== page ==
If you’ve seen a cat on catnip, you know how extreme the response can be. A normally calm, reserved cat might suddenly become excited and playful. Your cat might roll around on the ground, rub up against the plant, or try to eat some. A toy your cat used to ignore becomes a new favorite with a little added catnip.
Or maybe nothing will happen.
Catnip reactions are common in cats, but they aren’t universal. In fact, around 30% of cats don’t react to catnip at all. Read on to learn more!
What Is Catnip?
Catnip doesn’t look like much at a glance. It’s a small plant with squarish stems covered in slightly fuzzy leaves. Each stem might have a clump of tiny purplish flowers at the top. Catnip is actually a species of mint, so if you bite into a leaf, you’ll recognize the taste. (And yes, it’s perfectly safe for humans to eat.) But as the name suggests, it’s not famous for its flavor—it’s famous because of the reaction many cats have to it.
How Catnip Works
You might be wondering why catnip makes cats go crazy when spearmint or peppermint barely register. That’s because catnip produces a chemical compound as part of its oil known as nepetalactone. Cats have a powerful sense of smell, and the slightest whiff of catnip will break down all sorts of compounds that we can’t smell, including nepetalactone. For whatever reason, when that hits feline scent receptors, it can trigger a huge burst of brain activity. The smell of catnip triggers receptors in the brain that make your cat feel happy and excited—and once your cat has a whiff, it will go crazy for more.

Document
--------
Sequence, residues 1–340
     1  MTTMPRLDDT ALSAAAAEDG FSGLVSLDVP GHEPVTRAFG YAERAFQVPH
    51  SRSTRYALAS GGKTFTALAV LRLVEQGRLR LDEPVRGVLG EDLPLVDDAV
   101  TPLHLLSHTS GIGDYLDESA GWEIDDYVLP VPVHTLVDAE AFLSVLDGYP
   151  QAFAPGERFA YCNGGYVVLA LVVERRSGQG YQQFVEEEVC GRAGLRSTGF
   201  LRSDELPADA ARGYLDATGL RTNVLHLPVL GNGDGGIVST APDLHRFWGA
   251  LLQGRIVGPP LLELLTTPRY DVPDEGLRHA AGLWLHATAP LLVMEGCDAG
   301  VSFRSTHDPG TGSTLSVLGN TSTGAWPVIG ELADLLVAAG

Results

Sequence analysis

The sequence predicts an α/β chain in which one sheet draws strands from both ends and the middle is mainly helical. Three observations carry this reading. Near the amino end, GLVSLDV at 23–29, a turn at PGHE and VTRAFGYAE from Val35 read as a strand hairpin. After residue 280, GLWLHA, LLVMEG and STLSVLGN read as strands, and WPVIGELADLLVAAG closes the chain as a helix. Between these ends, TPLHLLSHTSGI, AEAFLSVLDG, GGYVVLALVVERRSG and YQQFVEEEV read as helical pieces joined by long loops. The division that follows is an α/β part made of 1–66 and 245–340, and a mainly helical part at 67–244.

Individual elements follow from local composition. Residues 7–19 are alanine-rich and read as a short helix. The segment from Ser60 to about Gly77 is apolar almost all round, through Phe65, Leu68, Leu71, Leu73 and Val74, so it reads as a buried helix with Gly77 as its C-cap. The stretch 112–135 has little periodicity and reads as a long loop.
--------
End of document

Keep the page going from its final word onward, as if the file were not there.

The “Catnip High” doesn’t last forever, though. Within ten minutes or so, the scent of catnip starts to lose its effectiveness. That means that the catnip craze tends to be short. Once your cat has gotten its fill, it will take at least a few hours before interest starts growing again.
Why Some Cats Don’t React
If your cat gives a new toy a sniff and walks away, you’re not alone. Not all cats react to catnip. Age, exposure, and genetics all play a role. The most common reason for cats to be uninterested in catnip is genetic. Although researchers haven’t found the exact gene that lets your cat smell catnip, about a third of cats are completely uninterested in the plant. Whatever quirk makes brain receptors fire at the smell just doesn’t work on them.
Age is another big factor. Kittens don’t start responding to catnip scents until they are around six months of age. And the response to catnip seems to fade with age, too—so your senior kitty might one day grow out of it.
Finally, constant exposure to catnip might oversaturate your cat’s nose so that new catnip scents aren’t interesting anymore. If your cat used to be interested in catnip but has stopped responding over time, taking it out of the house for a few months might renew interest.
Alternatives to Catnip
Cats might have a famous love affair with catnip, but it’s not the only plant that might get yours excited. In fact, there are quite a few alternatives out there. Another plant to try is called silvervine. Of cats that don’t respond to catnip, about 75% will respond to silvervine. A plant called Tatarian Honeysuckle gets a response from about a third of catnip-immune cats.
Catnip and cats might be a match made in heaven—but not always. It’s perfectly normal for some cats not to respond to catnip. About a third of cats just don’t have the gene, and others might be too old, too young, or too overstimulated to keep playing. So if your cat does get the zoomies whenever you bring home a new catnip toy, be thankful—you get to experience a fun cat trait that some owners miss.